Technology also plays a key role in training new recruits, with many Virtual Reality training platforms, Artificial Intelligence, and automation software already in use for human capital management.


Professionals have likewise increasingly shown a preference for flexible work schedules, with more workers choosing to work part-time or as freelancers. HR managers must be ready with solutions amenable to both their organisations and potential candidates in terms of remuneration, benefits and work-life balance, particularly in IT and creative businesses.


Because finding candidates with the right skills is a challenge in itself, many HR managers have come to rely on referrals as a means of recruiting skilled employees. This tactic helps save time and effort as opposed to hiring staff without a recommendation from someone already within the organisation.


Still other HR professionals face the challenge of finding candidates who are able to take on multiple functions, as many businesses are looking to decrease or desist from hiring altogether. Taking off from our example of the accounting position that opened this article, today’s marketing or advertising exec must now also be familiar with digital or content marketing methods.


Quoting the 2017 Hays Asia Salary Guide, HR in Asia reports that 96 per cent of businesses in Singapore are struggling to find the skilled employees they need. The report also notes that the persistent skill shortage is likely to affect business operations this year. Meanwhile, Jobvite says 65% of recruiters identify skill shortage as the biggest challenge in hiring.


Not surprisingly, digital skills are among the most in-demand at the moment—but the demand for soft skills may come as a surprise.


Quoting LinkedIn, HR Dive says cloud and distributed computing and data presentation are the most sought-after skills. Udemy, on the other hand, notes that HR tends to place more emphasis on a candidate’s soft skills and learned skills, instead of a candidate’s credentials.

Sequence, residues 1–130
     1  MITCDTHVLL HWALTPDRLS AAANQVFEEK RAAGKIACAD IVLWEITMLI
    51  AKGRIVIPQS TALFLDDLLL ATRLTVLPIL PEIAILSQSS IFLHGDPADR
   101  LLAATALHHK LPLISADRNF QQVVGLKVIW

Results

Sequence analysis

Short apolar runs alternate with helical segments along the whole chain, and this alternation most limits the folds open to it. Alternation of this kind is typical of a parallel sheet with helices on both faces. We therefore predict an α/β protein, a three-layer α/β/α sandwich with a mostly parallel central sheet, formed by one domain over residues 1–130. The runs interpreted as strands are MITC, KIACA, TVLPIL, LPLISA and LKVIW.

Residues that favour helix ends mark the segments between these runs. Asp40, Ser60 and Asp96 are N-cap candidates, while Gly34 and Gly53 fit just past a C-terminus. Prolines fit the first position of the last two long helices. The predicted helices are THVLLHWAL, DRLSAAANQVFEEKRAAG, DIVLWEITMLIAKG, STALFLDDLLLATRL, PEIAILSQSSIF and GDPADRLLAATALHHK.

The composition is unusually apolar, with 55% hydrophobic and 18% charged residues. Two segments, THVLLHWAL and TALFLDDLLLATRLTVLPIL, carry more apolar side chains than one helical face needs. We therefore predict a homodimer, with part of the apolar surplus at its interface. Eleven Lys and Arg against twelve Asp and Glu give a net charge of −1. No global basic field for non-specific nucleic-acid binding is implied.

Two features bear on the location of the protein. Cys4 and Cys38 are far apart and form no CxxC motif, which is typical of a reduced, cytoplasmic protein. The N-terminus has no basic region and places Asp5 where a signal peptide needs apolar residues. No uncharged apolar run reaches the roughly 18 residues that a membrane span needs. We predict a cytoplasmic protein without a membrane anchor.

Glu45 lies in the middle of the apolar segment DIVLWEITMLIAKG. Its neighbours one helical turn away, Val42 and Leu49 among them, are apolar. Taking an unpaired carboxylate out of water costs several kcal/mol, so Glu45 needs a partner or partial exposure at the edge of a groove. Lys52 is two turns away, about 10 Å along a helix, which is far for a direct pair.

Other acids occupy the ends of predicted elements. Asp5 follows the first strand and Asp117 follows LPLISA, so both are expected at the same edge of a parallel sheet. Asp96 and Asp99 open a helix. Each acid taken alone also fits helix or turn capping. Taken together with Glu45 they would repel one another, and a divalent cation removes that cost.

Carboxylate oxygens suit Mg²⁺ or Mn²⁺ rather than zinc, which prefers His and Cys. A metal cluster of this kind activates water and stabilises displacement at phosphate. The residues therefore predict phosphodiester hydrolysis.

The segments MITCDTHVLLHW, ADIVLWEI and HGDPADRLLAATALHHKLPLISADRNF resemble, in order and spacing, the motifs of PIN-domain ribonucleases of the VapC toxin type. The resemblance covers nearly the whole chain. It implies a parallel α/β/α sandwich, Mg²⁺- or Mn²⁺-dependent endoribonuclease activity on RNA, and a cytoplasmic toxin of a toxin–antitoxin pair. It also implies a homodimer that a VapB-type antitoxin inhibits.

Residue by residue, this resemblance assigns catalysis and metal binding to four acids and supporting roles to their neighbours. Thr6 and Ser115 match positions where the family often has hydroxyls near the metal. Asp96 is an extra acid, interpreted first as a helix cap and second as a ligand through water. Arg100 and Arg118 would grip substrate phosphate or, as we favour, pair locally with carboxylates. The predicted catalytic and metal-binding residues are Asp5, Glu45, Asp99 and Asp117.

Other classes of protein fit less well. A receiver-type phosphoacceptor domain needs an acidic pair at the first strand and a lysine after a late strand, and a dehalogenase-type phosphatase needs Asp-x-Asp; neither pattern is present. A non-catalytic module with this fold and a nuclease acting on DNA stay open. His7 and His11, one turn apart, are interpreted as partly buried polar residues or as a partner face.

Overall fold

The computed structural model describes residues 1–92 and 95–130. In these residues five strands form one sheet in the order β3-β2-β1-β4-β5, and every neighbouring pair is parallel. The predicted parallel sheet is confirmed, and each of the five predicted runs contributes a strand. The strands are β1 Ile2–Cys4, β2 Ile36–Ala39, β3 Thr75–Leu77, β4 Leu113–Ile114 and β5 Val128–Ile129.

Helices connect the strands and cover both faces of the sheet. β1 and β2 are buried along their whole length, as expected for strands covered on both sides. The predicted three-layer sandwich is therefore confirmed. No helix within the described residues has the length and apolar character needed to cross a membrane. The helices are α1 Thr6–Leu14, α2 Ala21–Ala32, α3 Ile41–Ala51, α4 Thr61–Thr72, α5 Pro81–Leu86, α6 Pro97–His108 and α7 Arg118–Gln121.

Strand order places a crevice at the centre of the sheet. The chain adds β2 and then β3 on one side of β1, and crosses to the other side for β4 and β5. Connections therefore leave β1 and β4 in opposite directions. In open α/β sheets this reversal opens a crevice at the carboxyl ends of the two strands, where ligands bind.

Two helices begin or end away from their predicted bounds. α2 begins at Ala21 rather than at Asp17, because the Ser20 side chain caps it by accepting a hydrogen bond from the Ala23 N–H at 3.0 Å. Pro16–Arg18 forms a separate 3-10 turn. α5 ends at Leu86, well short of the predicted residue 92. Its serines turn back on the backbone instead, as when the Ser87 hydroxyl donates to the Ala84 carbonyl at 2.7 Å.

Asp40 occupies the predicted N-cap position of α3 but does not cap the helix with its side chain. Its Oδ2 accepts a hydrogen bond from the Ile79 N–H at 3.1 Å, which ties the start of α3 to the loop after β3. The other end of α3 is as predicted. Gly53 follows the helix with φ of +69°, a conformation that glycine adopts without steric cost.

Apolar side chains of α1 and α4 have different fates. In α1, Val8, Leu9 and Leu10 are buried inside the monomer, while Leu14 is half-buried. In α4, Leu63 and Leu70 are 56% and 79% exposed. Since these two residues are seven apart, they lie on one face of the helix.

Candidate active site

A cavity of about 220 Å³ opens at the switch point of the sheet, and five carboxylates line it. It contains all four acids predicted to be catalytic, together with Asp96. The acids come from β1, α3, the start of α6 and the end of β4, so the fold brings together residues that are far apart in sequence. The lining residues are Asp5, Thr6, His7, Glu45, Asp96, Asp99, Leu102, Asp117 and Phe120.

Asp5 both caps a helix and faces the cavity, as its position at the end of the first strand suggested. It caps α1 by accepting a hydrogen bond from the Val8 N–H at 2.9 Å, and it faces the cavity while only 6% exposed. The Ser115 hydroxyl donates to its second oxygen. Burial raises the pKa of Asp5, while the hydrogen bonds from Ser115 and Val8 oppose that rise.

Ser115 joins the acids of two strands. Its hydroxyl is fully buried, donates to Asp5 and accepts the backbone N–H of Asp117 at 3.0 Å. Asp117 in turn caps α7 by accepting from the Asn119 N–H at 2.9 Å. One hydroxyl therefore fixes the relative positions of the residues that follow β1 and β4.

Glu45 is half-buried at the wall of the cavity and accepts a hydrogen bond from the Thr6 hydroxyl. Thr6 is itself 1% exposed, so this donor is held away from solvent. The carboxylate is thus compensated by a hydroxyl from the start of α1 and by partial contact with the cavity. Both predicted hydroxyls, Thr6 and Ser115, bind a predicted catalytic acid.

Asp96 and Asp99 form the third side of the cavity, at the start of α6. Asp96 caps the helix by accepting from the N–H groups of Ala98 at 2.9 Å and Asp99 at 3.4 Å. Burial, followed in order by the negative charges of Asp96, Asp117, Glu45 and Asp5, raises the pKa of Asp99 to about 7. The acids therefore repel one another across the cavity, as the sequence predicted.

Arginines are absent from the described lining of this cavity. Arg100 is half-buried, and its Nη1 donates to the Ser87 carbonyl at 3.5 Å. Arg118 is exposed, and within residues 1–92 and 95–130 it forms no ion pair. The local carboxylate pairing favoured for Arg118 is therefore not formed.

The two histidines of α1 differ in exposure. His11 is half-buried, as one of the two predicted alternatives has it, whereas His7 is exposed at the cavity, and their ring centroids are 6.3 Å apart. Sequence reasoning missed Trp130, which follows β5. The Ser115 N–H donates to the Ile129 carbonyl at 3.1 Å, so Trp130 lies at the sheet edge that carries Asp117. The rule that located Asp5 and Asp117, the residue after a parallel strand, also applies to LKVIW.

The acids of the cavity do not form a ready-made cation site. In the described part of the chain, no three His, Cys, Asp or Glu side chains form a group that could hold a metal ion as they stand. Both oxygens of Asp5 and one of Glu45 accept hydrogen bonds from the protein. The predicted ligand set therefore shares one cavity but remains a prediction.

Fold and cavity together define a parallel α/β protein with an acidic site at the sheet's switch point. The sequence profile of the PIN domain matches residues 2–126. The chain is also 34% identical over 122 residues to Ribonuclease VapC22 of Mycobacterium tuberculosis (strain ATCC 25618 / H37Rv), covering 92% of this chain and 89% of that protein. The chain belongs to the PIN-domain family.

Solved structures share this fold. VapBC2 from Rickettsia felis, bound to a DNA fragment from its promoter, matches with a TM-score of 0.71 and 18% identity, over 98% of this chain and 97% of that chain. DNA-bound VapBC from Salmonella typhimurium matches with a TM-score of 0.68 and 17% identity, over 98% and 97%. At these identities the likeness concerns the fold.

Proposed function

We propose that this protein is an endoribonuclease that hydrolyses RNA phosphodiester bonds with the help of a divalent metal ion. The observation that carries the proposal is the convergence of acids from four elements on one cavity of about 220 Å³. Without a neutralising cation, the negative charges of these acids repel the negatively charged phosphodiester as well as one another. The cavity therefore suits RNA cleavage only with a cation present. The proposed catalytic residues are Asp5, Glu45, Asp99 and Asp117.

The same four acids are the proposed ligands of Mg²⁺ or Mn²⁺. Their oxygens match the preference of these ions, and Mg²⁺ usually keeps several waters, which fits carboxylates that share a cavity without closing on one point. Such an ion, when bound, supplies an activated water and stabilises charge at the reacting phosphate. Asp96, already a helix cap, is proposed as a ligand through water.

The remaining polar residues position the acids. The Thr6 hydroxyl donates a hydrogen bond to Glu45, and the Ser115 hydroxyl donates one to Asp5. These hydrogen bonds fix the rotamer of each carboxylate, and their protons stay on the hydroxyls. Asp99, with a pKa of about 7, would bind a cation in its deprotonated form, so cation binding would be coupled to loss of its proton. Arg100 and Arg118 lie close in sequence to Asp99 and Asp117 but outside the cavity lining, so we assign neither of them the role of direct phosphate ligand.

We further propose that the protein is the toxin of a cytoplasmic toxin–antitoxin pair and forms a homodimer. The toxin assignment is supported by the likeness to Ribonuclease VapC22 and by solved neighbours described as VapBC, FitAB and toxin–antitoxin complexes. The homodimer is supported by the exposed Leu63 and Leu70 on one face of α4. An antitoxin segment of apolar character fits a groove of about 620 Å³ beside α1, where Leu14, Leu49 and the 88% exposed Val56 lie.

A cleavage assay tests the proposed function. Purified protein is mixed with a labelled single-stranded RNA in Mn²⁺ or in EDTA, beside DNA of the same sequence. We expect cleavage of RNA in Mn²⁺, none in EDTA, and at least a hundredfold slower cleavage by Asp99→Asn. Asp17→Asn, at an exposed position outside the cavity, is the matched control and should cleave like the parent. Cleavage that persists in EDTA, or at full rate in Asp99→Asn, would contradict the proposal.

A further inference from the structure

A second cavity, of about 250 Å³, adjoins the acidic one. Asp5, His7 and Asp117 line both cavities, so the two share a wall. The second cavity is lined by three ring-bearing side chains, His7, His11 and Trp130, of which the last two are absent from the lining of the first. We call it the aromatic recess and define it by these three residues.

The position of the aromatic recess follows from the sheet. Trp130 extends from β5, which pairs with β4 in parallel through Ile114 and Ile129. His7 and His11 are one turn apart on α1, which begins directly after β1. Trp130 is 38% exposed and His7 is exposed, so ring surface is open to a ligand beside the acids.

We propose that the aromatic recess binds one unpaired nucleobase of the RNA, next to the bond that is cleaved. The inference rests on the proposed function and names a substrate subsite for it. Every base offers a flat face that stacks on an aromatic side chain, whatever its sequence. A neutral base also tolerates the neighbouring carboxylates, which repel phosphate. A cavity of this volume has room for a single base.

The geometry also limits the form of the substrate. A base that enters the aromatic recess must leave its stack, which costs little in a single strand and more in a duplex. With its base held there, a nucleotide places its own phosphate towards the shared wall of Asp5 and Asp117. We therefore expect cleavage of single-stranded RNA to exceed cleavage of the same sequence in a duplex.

Because the requisite digital skills and other competencies for many roles need to be updated continuously, HR must have in-house training programmes in place. Managers also need to keep an eye out for ways to keep the capabilities of employees at every level on the cutting edge. Many businesses therefore sponsor continuing or post-graduate education for their employees.


Cognisant of the need for HR professionals to continue their own education, SMU Academy offers Human Capital Management and Leadership Courses designed specifically to help participants stay on top of HR trends.


These courses include the Certified HR Analytical Professional programme and the HR Analytics Certificate course which enhance an HR practitioner’s decision-making skills based on data and analytics. HR Graduate Certification focuses on the development of sustainable human resource strategies to help businesses attract, recruit and retain employees.

The Academy likewise offers the International HRM Series which familiarise business owners with global HR trends and best practices. Find out how SMU Academy can help you rise to the challenges of today’s human resources industry, to further your personal growth and that of your organisation.